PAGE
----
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      Urine-derived stem cells: A novel and versatile progenitor source for cell-based therapy and regenerative medicine

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          Abstract

          Engineered functional organs or tissues, created with autologous somatic cells and seeded on biodegradable or hydrogel scaffolds, have been developed for use in individuals with tissue damage suffered from congenital disorders, infection, irradiation, or cancer. However, in those patients, abnormal cells obtained by biopsy from the compromised tissue could potentially contaminate the engineered tissues. Thus, an alternative cell source for construction of the neo-organ or functional recovery of the injured or diseased tissues would be useful. Recently, we have found stem cells existing in the urine. These cells are highly expandable, and have self-renewal capacity, paracrine properties, and multi-differentiation potential. As a novel cell source, urine-derived stem cells (USCs) provide advantages for cell therapy and tissue engineering applications in regeneration of various tissues, particularly in the genitourinary tract, because they originate from the urinary tract system. Importantly, USCs can be obtained via a non-invasive, simple, and low-cost approach and induced with high efficiency to differentiate into three dermal cell lineages.

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          Most cited references 63

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          Generation of induced pluripotent stem cells from urine.

          Forced expression of selected transcription factors can transform somatic cells into embryonic stem cell (ESC)-like cells, termed induced pluripotent stem cells (iPSCs). There is no consensus regarding the preferred tissue from which to harvest donor cells for reprogramming into iPSCs, and some donor cell types may be more prone than others to accumulation of epigenetic imprints and somatic cell mutations. Here, we present a simple, reproducible, noninvasive method for generating human iPSCs from renal tubular cells present in urine. This procedure eliminates many problems associated with other protocols, and the resulting iPSCs display an excellent ability to differentiate. These data suggest that urine may be a preferred source for generating iPSCs. Copyright © 2011 by the American Society of Nephrology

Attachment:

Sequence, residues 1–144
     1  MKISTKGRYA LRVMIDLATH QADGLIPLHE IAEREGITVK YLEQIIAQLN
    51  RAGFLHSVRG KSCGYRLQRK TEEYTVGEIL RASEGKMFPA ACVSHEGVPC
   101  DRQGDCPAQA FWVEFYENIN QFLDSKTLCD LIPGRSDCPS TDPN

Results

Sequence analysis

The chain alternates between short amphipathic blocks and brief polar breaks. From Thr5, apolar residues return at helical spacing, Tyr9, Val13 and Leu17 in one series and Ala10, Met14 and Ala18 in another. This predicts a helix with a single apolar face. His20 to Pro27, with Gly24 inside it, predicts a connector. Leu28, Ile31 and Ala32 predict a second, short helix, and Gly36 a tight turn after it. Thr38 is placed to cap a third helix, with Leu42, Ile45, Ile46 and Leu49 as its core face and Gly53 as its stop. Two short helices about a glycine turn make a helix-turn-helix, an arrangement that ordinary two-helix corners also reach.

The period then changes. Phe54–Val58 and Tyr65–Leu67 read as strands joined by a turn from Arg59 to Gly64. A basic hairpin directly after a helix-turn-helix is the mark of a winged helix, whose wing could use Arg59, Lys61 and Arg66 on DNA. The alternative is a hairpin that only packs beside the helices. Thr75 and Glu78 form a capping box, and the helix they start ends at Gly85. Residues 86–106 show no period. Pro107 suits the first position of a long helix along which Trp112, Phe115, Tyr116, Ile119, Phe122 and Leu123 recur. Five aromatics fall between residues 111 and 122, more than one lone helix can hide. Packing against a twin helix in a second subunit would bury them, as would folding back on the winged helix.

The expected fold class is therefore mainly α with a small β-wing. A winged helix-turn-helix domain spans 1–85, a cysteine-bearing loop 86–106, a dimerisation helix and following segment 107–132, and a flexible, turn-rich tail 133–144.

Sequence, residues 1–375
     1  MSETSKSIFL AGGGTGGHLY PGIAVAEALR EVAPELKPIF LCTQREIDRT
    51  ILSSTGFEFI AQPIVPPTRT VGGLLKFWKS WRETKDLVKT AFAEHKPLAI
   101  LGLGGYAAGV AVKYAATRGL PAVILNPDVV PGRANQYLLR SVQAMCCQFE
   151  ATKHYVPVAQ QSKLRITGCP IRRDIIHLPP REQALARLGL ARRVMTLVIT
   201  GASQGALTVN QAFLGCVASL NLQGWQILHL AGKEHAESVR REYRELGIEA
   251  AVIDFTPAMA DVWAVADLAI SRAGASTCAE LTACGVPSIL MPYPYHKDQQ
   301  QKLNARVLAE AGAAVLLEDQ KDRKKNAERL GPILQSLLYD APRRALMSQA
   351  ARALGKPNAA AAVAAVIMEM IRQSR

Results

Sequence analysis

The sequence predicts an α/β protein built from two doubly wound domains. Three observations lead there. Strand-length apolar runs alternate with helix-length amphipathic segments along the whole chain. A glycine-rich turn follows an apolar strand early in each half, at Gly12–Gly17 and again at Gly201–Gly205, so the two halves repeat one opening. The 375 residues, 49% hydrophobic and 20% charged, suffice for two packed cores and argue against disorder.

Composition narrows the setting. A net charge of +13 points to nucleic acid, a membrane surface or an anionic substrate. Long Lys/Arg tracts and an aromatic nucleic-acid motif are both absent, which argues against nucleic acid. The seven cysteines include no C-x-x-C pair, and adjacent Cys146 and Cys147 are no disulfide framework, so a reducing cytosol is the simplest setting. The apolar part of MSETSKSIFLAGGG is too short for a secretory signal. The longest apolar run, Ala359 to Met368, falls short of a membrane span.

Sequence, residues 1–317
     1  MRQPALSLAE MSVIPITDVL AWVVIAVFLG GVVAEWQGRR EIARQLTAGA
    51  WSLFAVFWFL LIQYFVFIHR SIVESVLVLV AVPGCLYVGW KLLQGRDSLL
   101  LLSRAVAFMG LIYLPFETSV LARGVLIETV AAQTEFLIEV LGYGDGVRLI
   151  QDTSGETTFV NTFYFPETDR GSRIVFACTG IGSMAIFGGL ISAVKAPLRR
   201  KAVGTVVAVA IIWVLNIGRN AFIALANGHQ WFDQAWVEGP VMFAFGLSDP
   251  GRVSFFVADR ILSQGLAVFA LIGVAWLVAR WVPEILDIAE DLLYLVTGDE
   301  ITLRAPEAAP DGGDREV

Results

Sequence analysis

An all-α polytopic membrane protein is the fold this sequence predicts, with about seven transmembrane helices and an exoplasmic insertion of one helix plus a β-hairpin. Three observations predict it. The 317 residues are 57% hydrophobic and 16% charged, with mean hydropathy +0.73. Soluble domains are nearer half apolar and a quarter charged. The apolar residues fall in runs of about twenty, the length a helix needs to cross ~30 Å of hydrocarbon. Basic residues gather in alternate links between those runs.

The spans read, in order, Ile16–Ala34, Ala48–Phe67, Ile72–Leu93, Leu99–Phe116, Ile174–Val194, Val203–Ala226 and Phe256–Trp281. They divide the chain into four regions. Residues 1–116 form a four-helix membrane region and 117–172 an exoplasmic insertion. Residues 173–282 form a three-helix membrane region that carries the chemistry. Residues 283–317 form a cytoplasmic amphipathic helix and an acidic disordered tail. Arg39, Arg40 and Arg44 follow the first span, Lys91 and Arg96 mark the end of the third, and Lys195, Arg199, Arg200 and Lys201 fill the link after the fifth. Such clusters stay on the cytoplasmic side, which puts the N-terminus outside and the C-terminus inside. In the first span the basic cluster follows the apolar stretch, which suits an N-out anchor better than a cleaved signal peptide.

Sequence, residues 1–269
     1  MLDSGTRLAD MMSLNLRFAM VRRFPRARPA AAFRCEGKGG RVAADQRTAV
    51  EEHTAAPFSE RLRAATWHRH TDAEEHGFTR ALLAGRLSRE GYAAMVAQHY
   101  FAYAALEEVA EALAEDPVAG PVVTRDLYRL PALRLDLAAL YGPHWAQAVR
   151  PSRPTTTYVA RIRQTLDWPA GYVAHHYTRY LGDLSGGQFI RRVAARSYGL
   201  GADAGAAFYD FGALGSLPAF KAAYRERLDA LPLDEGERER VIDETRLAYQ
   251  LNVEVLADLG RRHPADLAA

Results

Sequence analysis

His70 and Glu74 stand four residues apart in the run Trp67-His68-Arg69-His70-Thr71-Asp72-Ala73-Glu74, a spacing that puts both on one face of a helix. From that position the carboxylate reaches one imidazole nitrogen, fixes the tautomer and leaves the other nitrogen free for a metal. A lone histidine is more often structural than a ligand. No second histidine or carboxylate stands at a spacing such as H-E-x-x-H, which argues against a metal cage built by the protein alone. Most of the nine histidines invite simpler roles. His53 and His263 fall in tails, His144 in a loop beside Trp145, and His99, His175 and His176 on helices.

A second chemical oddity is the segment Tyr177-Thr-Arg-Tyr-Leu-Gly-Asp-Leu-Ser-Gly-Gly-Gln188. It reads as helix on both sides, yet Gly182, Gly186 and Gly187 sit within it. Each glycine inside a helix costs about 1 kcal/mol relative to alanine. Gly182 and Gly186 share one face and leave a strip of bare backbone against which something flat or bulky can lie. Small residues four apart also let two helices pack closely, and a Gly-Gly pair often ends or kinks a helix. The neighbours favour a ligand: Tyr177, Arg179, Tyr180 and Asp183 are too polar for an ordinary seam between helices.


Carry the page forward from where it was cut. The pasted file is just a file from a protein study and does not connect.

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            Urine derived cells are a potential source for urological tissue reconstruction.

            Contemporary approaches to tissue engineering and cell therapy for urinary tract reconstruction require invasive tissue biopsies to obtain autologous cells. However, these procedures are associated with potential complications. We determined whether the cells present in urine have characteristics of normal bladder cells and investigated their potential uses for urological reconstructive procedures. A total of 55 urine samples were collected from 15 healthy individuals and 8 patients with vesicoureteral reflux. Urine derived cells were isolated, expanded and tested for progenitor and differentiated cell specific markers using flow cytometry, immunofluorescence and Western immunoblotting. The chromosomal stability of cultured urine derived cells was determined by karyotype analysis. Clones were successfully established from primary cultures of urine derived cells. Isolated cells showed 3 phenotypes, including fully differentiated, differentiating and progenitor-like cells. Some urine derived cells stained positive for the surface markers c-Kit, SSEA4, CD105, CD73, CD91, CD133 and CD44. Two to 7 cells per 100 ml urine were multipoint progenitors that could expand extensively in culture. Single progenitor cells had the ability to differentiate into the cell lineages expressing urothelial, smooth muscle, endothelial and interstitial cell markers. The expression of lineage markers was characterized by Western blot and immunofluorescence analysis. Urine derived cells also maintained a normal karyotype after serial culture. A subpopulation of cells isolated from urine had progenitor cell features and the potential to differentiate into several bladder cell lineages. Urine derived cells could serve as an alternative cell source for urinary tract tissue engineering and reconstruction.